If you remember your last restaurant visit and compare that with overall statistics of food wastage in India alone, you would want to go back and lick your plate clean – and maybe even the utensils, the food was served in. But, the lack of awareness around the issue and interrelated issues, such as malnutrition, poverty and food shortage, is minimal and hence a small contributor to the larger picture of food waste and the aforesaid issues. But, food waste alone incurs huge monetary losses to industries and mankind, in general.
Food waste primarily revolves around any form of food, raw or cooked, used or unused – discarded or intended so. Professional bodies and governments alike, further diversify the definitions to various categories and implications such as the kind of food waste, the form it is produced/generated by and materials and source of waste. The dramatic impact that food waste can have on a particular nation, in terms of economic and social perspectives, is enormous especially in larger countries like the USA, UK and India – depending on the population and food consumption. In 1918, the per capita annual food waste output in North America was estimated as 100-200 pounds. Though the statistics may hold very little or negligible relevance today, they were an indicator of the trends to follow. And, according to recent reports, close to 6.7 billion tonnes of food (purchased and edible) is wasted in the UK every year, incurring losses worth 10.2 billion pounds, translating close to 250-400 pounds per household.
Of the various countries trying to tackle the issues of food waste and their respective losses, Japan seems to be doing very well via the administrative system. Against India’s all-encompassing laws for food waste, Japan has various laws pertaining to the different causes of food wastage, such as Container & Packaging Recycling Law’, ‘Food Wastes Recycling Law’ and even a ‘Law on promoting Green Purchase’, enabling industries and agriculturists to look towards effective uses of resources and also join the eco drive – which needs more initiatives like these. Various scientists and environmentalists believe, stringent laws, effective administration and self responsibility are the more vital points which can be looked at for grass root changes to come about, especially in country like India, where the maximum food waste comes from the agricultural waste sector. A report submitted by Rabo India Finance, a private consultancy firm, in 2007 to the government of India estimates a whopping 58,000 crores worth of rupees are lost due to agricultural food waste, alone.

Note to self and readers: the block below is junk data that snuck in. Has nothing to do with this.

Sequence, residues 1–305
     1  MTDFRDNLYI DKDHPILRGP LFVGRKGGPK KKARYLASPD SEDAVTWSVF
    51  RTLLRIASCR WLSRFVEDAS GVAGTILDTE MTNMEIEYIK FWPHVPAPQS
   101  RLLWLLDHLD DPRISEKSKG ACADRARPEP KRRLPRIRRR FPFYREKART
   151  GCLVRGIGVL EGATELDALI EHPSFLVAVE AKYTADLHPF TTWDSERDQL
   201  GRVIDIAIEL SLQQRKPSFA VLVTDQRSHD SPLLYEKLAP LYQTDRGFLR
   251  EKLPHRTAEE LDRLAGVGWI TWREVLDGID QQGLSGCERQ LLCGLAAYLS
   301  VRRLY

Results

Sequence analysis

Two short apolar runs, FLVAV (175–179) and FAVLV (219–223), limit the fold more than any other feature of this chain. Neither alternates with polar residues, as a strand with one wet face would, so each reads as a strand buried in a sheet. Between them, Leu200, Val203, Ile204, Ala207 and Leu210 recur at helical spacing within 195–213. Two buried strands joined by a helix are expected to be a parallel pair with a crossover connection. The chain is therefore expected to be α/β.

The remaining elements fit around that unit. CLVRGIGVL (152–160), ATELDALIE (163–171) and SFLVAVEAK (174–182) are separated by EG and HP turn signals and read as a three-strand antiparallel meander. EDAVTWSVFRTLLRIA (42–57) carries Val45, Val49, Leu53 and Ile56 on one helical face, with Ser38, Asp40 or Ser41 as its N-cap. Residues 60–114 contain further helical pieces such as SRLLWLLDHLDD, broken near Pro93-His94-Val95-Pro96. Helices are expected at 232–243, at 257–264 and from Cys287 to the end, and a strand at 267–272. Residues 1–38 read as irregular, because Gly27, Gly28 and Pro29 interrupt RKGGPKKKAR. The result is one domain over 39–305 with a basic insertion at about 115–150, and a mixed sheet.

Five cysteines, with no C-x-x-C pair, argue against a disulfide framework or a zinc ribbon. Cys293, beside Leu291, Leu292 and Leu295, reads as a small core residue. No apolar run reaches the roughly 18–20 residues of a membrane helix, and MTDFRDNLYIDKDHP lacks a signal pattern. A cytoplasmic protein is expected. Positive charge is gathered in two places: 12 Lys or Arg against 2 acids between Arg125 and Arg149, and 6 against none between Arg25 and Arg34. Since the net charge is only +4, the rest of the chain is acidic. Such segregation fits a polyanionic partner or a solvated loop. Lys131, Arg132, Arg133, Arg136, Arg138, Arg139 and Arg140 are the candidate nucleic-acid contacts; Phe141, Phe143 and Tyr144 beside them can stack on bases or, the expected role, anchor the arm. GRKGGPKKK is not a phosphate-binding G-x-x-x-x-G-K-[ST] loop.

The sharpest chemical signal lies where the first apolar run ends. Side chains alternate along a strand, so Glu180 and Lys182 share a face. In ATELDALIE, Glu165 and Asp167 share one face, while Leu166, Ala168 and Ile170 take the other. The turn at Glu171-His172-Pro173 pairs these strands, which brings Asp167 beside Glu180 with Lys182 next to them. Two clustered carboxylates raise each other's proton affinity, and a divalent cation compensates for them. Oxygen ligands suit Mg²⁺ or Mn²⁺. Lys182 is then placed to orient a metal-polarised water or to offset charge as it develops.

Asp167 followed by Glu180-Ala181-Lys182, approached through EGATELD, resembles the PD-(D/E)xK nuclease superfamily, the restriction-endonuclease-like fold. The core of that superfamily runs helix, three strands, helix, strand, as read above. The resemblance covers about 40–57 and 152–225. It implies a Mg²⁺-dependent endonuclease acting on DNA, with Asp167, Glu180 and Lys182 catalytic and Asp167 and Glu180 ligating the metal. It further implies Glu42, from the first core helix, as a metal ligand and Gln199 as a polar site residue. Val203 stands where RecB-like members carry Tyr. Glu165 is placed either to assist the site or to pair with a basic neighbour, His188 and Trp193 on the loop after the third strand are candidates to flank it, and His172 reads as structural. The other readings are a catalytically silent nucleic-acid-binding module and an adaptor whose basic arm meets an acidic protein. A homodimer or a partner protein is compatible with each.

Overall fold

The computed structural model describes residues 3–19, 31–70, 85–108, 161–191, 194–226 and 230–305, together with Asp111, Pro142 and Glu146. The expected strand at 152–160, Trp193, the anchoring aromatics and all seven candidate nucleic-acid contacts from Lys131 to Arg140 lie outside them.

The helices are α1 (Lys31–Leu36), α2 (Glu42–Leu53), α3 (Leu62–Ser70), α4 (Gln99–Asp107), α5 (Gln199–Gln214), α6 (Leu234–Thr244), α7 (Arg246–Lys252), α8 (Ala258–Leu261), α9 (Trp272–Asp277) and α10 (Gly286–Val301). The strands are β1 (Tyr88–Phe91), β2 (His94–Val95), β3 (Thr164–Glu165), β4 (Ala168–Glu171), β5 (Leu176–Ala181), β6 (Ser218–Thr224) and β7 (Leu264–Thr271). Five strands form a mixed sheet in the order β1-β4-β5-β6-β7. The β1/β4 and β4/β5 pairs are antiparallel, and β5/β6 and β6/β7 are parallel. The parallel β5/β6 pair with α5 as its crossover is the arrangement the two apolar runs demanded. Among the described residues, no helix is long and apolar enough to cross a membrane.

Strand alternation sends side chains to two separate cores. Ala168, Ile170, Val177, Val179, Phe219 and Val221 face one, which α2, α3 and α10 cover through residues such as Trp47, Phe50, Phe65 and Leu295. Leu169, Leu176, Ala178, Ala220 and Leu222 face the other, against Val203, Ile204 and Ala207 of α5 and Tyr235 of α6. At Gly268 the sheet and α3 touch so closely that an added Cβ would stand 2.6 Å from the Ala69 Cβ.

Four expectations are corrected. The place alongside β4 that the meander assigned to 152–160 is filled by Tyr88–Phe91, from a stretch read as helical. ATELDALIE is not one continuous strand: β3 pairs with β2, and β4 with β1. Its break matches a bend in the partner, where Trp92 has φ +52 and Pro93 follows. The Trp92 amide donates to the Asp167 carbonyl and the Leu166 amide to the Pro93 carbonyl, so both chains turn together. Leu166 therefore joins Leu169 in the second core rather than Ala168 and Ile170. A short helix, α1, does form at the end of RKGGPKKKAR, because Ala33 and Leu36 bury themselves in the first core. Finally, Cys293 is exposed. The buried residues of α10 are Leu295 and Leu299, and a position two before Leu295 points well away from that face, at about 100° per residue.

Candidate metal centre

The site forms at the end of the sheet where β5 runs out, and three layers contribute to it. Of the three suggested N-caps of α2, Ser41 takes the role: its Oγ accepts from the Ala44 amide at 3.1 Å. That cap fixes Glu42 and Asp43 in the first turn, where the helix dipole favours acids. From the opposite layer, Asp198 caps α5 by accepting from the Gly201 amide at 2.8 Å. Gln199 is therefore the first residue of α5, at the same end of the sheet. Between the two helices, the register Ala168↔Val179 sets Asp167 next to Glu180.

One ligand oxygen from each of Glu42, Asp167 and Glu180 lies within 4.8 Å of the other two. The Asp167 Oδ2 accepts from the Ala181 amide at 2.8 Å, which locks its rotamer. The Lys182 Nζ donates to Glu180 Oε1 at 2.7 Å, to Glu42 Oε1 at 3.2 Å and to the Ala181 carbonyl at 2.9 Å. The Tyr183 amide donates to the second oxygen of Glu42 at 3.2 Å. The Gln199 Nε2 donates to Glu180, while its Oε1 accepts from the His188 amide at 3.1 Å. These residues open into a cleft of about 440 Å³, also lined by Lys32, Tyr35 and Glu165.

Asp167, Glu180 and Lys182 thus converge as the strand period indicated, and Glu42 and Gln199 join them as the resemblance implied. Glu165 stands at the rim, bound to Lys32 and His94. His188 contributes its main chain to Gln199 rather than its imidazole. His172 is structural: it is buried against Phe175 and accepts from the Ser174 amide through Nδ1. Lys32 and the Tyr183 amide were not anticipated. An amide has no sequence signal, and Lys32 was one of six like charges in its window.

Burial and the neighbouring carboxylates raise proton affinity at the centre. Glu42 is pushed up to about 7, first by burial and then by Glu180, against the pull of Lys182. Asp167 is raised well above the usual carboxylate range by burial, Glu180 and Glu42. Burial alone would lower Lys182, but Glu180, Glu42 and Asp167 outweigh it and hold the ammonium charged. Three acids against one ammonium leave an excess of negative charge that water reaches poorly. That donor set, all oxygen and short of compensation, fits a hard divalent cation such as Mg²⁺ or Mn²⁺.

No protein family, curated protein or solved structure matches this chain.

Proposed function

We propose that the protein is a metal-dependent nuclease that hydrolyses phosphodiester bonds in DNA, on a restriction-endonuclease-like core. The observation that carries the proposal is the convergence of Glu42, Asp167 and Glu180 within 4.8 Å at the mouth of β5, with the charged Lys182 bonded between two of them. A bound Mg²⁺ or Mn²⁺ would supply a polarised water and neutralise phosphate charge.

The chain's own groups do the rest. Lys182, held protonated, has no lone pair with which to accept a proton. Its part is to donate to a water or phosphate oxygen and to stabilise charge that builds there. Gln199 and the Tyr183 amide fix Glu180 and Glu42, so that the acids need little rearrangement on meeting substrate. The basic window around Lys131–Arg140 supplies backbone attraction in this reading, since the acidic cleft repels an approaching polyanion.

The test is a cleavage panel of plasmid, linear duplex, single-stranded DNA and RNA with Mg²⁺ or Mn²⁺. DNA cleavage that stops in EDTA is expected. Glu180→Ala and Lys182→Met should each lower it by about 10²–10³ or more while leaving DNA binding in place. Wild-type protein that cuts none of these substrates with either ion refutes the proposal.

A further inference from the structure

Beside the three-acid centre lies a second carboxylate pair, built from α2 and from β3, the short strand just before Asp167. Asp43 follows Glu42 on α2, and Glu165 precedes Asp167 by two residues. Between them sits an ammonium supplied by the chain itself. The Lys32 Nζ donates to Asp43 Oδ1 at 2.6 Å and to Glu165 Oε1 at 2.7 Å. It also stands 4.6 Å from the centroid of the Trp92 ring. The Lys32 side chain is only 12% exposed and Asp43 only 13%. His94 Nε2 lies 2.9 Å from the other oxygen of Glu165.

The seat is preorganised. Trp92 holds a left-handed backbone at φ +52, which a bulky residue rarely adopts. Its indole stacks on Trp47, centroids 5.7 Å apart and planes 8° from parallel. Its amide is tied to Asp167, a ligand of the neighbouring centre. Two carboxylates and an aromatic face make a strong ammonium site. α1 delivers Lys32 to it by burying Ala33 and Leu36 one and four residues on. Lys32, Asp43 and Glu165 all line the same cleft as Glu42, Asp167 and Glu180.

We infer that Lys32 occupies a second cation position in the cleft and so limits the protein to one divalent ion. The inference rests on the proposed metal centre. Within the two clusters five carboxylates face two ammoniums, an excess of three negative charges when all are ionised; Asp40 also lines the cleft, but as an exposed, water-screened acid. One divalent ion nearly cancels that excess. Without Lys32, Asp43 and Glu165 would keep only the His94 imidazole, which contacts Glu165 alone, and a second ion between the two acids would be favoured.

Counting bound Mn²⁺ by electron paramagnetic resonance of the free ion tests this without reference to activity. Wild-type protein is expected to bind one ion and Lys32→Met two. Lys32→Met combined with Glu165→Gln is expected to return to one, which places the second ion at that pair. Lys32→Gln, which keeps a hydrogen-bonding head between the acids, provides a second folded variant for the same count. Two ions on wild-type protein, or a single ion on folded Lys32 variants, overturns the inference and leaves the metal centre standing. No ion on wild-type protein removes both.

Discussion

However, food waste can be tackled in more effective ways, with the help of various schematic and planned methods implemented by the governments and private firms simultaneously. Food waste, like other waste can be dumped but could also be used for various other purposes such as feeding animals or be biodegraded by various methods such as a composting and used for soil enrichment. Though a lot of the food waste caused due to the food processing can be difficult to reduce without affecting the quality of the finished product, certain incentives must be provided by the administrative bodies, to look to reduce this form of food waste. Also, a lot of food waste is created post harvest due to the lack of infrastructural facilities such as cold chain provisions, transportation and proper storage facilities. However, with a growth in the retail market and its demand, a lot of foreign companies have shown interest in agri-based and processed food products.
So, without getting into the various nitty-gritty details of food waste management and disposal, the next time there is food left over at your restaurant visit – get it packed and give it someone who needs it. After all, the state of Indian poverty makes up the bulk of the undressed social causes that plague our nation.
Another way could be when you go grocery shopping and pick up groceries that would last a week or so, think whether you would actually need that many, considering if you fall short of them – the grocery is not going anywhere, unlike the food wasted that may go to the bin. And though it is easier said than done, the easiest way to reduce the amount of food wasted is to reduce the amount of food created.
[Image courtesy: http://graphics8.nytimes.com/images/2008/05/22/health/food_533.jpg]